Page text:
Shell access for CI August 19, 2019 on Drew DeVault's blog

Have you ever found yourself staring at a failed CI build, wondering desperately what happened? Or, have you ever needed a fresh machine on-demand to test out an idea in? Have you been working on Linux, but need to test something on OpenBSD? Starting this week, can help with all of these problems, because you can now SSH into the build environment.

If you didn't know, Sourcehut is the 100% open/libre software forge for hackers, complete with git and Mercurial hosting, CI, mailing lists, and more - with no JavaScript. Try it out!

The next time your build fails on, you’ll probably notice the following message:

Screenshot of showing a prompt to SSH into the failed buildVM and examine it

After the build fails, we process everything normally - sending emails, webhooks, and so on - but keep the VM booted for an additional 10 minutes. If you do log in during this window, we keep the VM alive until you log out or until your normal build time limit has elapsed. Once you’ve logged in, you get a shell and can do anything you like, such as examining the build artifacts or tweaking the source and trying again.

$ ssh -t connect 81809
Connected to build job #81809 (failed):
Your VM will be terminated 4 hours from now, or when you log out.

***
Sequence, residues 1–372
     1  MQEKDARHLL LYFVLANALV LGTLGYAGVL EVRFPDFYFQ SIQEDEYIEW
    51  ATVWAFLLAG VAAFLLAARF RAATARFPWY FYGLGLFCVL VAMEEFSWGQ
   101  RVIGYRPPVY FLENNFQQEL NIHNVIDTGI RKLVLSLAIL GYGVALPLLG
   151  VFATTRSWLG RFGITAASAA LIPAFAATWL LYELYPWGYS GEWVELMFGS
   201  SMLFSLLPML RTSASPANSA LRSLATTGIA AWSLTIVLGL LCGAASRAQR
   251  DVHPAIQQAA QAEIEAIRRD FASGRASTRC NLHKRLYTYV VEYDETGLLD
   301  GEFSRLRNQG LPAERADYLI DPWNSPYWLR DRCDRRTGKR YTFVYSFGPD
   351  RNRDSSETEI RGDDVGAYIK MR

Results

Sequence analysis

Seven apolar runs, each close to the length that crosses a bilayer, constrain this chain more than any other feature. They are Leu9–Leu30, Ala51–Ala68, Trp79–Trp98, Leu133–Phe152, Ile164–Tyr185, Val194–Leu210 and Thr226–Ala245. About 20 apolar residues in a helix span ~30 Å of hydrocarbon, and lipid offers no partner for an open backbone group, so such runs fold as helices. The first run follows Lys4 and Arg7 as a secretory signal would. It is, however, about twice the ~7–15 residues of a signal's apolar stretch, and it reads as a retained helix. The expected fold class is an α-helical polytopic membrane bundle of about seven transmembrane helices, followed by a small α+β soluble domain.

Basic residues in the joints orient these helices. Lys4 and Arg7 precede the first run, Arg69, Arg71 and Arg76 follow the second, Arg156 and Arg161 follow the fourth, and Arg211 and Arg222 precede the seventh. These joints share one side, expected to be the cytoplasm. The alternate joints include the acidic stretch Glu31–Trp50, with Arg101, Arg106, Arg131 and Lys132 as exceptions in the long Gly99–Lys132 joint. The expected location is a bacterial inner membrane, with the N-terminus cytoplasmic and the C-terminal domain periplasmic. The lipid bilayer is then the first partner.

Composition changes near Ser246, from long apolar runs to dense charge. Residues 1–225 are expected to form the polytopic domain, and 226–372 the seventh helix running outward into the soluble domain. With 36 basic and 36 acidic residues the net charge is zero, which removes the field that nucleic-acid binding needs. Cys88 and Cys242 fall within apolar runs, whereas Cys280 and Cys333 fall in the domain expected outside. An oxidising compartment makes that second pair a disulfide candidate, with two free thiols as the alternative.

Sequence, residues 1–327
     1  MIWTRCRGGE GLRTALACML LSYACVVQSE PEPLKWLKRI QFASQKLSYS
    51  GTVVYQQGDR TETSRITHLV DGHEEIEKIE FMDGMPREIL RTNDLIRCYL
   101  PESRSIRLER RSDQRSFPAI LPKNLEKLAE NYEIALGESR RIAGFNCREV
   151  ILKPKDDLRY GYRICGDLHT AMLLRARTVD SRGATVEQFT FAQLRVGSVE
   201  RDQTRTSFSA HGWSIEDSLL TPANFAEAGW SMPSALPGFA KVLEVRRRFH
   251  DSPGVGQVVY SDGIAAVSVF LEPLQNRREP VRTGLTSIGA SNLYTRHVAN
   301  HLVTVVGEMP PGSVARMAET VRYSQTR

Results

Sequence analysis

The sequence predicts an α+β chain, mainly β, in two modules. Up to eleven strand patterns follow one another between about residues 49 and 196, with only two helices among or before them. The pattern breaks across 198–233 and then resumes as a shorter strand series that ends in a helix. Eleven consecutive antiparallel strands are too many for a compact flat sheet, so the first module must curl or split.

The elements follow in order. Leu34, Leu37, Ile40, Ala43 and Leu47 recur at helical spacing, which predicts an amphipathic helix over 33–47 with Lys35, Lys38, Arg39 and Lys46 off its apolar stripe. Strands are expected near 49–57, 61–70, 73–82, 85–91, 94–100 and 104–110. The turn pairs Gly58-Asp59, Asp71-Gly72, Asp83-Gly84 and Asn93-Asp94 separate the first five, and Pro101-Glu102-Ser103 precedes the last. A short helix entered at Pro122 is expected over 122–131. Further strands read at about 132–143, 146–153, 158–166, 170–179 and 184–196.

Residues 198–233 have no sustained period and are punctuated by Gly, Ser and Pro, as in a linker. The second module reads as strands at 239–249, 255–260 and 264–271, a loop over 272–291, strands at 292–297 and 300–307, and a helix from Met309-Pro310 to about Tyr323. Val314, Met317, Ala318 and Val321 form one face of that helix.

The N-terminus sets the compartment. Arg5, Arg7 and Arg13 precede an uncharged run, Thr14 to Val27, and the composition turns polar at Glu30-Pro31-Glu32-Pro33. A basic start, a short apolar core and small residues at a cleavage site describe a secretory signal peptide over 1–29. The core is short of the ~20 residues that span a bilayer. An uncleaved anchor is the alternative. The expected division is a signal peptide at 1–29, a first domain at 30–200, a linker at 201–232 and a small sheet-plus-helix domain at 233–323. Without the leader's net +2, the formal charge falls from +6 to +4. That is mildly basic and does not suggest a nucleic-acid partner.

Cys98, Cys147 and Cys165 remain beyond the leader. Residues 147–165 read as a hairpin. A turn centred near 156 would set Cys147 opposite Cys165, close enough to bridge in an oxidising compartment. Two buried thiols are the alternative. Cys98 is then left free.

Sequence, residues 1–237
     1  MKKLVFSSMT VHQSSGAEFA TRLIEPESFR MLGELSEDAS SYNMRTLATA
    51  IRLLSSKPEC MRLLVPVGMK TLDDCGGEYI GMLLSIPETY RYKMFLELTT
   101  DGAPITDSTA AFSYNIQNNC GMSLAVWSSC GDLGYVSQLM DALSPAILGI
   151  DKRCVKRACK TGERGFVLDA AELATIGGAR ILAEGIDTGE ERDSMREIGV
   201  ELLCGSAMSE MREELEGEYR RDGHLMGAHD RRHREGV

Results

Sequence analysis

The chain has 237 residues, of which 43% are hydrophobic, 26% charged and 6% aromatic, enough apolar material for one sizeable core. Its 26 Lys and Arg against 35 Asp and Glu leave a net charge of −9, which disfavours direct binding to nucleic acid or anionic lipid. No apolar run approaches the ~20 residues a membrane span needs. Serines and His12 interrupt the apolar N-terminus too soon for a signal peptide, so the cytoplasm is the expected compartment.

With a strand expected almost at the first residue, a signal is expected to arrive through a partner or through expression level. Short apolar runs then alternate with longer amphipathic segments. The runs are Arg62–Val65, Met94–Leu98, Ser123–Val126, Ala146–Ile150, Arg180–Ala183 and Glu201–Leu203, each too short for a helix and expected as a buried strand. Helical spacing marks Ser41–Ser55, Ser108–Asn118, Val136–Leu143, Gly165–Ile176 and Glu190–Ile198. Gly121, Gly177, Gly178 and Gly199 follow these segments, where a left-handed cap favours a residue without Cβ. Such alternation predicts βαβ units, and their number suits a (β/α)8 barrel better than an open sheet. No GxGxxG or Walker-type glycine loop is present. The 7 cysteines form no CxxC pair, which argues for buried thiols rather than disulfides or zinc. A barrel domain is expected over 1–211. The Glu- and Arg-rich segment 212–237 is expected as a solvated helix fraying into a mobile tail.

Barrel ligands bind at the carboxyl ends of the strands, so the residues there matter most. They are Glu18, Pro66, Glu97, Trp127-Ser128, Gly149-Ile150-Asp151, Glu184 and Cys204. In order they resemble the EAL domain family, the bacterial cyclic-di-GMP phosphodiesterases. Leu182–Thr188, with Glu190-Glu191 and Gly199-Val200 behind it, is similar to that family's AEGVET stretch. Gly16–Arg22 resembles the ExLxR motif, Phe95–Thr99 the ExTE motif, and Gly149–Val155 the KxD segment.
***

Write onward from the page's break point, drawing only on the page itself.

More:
bash-5.0 $

You can also connect to any build over SSH by adding shell: true to your build manifest. When you do, the VM will be kept alive after all of the tasks have finished (even if it doesn’t fail) so you can SSH in. You can also SSH in before the tasks have finished, and tail the output of the build in your terminal. An example use case might be getting a fresh Alpine environment to test build your package on:

This was accomplished with a simple build manifest:

image: alpine/edge
shell: true
- "prep-abuild": |
    abuild-keygen -an

Since build manifests run normally in advance of your shell login, you can do things like install your preferred editor and dotfiles, pull down your SSH keys through build secrets, or anything else you desire to set up a comfortable working environment.

Furthermore, by leveraging the API, you can write scripts which take advantage of the shell features. Need a NetBSD shell? With a little scripting you can get something like this working:

With experimental multiarch support being rolled out, soon you’ll be just a few keystrokes away from an ARM or PowerPC shell, too.

I want to expand more on SSH access in the future. Stay tuned and let me know if you have any cool ideas!

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